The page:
logically be expected to seek constitutional revenue protection in coming
years, in light of these other precedents.
Slocum said that despite his opposition to the process he's inclined to
support the constitutional amendment because he wants resources made
available to outdoors, water and the arts.
8. Immediate, real-time disclosure of all
campaign contributions to all types of groups advocating for or against
candidates--Way too much money is spent on campaigns, Slocum
said. There's no reason, he said, why every campaign contribution and
every expenditure by every kind of organization that is campaigning for or
against candidates can't be available online within 24 hours of the gift
or the expenditure. Mansky said he agrees.
Continuing discussion of campaign finance, Mansky and Slocum agreed that
legislative caucuses play too large a role in paying for legislative
campaigns, which has the effect of making legislators who receive such
support feel beholden to caucus leadership when votes are taken on
Slocum noted that the House Republican caucus stripped support from six
caucus members who went against the House leadership and Governor Pawlenty
and supported a major transportation funding bill calling for increases in
gasoline and metro sales taxes.
9. Expenses for administration of elections can
be much less--Mansky said counties could administer elections
for much less money if they were allowed to use the tools available today.
An example would include establishing vote centers in locations like
shopping centers, large office building and so on where the voters from
many communities could conveniently vote for several days before and on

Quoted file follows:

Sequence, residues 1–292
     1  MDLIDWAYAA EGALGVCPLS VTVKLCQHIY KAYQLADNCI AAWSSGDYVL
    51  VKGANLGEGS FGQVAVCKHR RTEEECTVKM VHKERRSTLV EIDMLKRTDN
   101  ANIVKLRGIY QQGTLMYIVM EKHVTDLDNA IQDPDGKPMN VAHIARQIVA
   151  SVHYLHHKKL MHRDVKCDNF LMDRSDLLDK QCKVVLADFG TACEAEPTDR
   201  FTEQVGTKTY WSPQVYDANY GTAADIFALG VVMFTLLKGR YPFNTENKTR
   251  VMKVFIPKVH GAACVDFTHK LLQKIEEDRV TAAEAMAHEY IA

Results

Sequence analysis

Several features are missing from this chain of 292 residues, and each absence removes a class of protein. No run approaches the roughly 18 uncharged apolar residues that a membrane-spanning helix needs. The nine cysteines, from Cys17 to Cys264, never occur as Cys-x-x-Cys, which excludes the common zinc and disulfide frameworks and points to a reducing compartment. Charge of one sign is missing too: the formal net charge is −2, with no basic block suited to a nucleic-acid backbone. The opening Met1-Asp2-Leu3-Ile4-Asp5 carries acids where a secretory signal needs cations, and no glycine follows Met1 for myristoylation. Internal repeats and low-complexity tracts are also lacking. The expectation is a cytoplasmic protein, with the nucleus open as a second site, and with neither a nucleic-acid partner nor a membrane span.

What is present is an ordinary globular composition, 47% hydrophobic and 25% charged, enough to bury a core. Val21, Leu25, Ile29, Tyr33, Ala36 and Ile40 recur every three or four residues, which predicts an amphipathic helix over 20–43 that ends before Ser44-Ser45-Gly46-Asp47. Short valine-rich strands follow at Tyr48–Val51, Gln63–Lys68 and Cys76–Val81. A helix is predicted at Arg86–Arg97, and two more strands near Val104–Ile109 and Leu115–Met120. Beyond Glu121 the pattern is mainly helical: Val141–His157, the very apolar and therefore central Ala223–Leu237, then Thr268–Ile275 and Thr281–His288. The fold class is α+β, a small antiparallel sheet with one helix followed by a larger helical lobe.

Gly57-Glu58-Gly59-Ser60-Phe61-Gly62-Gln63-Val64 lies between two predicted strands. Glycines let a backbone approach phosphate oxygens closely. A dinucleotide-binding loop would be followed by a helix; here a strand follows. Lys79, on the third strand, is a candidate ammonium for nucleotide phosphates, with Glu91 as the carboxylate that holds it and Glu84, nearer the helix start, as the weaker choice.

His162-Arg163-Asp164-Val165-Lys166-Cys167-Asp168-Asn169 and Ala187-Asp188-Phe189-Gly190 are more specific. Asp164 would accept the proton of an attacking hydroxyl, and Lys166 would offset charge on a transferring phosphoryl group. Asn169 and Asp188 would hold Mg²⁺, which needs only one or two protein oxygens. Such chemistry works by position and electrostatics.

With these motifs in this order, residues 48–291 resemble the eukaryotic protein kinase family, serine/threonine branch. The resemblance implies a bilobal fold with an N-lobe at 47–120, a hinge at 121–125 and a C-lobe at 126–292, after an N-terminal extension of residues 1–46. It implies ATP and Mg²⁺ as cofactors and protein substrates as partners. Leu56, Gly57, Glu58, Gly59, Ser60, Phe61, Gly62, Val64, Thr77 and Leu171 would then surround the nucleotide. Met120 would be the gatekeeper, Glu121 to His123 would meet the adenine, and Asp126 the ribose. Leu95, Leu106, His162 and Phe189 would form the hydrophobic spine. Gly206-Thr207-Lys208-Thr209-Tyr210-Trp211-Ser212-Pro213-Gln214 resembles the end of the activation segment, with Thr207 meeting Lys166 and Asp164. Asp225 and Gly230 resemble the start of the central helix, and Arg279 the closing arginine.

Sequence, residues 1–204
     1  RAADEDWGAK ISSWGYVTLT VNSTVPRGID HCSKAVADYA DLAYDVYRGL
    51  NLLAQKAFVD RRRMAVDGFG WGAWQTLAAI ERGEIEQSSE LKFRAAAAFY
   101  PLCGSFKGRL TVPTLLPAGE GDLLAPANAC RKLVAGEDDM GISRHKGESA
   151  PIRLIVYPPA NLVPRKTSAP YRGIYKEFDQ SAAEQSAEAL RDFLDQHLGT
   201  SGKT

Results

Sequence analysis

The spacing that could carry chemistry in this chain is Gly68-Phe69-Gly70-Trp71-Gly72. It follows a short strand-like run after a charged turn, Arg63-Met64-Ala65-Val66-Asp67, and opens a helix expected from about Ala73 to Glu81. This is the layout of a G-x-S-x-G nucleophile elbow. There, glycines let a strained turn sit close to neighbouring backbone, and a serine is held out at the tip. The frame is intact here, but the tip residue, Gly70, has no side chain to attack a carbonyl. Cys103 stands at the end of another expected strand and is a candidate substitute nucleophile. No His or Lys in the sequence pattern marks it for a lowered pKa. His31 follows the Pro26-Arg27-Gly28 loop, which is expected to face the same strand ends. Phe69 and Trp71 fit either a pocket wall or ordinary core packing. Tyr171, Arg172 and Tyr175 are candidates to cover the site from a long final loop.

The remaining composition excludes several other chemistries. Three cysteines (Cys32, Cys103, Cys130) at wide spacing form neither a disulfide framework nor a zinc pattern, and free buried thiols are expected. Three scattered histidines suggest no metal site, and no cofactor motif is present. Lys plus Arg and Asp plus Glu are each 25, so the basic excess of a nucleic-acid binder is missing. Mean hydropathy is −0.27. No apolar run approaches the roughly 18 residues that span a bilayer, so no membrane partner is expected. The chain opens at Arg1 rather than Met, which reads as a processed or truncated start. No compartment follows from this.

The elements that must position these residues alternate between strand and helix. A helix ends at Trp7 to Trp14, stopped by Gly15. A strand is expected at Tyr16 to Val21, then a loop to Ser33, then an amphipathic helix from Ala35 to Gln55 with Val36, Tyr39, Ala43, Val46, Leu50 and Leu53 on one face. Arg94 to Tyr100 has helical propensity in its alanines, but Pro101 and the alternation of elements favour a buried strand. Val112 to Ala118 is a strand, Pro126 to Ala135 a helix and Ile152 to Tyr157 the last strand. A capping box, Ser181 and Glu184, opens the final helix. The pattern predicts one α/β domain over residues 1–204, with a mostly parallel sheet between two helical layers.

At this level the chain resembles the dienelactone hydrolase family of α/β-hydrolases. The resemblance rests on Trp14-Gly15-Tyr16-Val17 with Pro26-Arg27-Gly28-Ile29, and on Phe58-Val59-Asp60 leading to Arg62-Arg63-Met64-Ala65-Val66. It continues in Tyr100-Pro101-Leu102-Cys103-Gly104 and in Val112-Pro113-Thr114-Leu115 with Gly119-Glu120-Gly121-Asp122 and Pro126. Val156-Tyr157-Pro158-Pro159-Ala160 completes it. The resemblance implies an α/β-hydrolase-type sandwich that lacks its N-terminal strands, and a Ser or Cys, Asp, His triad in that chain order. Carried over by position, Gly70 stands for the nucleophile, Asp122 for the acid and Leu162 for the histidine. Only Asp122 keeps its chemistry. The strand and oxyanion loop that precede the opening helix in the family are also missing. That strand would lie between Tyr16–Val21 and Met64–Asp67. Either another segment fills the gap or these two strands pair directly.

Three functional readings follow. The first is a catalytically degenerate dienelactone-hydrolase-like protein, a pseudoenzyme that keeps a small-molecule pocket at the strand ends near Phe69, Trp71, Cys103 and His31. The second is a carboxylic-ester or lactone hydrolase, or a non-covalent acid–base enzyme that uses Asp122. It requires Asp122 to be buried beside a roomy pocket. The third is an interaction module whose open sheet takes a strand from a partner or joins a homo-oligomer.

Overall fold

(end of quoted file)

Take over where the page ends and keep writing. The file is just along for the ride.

election day. Another example would be to permit election officials to use
the information in the state driver's license database to establish,
verify and update voter records. However, he said, the state is so closely
divided politically that both Democrats and Republicans are somewhat wary
of making significant changes in election practices that might give one
side an advantage.
10. Stagger terms for State Senate--State
Senators won't be standing for election this fall, since all their
four-year terms expire in 2010, Mansky said. House members stand for
election every two years. It's tougher for the House and Senate to reach
agreement when the Senate doesn't have any "skin in the game", as was the
case in the 2007-2008 session, he said. Mansky suggested that the Senate
might become more flexible in its negotiations with the governor and the
House if the terms of senators were staggered so that one-half would run
for reelection every two years.
11. Minnesota's national role as a public policy
leader--Minnesota still has wide respect in the nation but is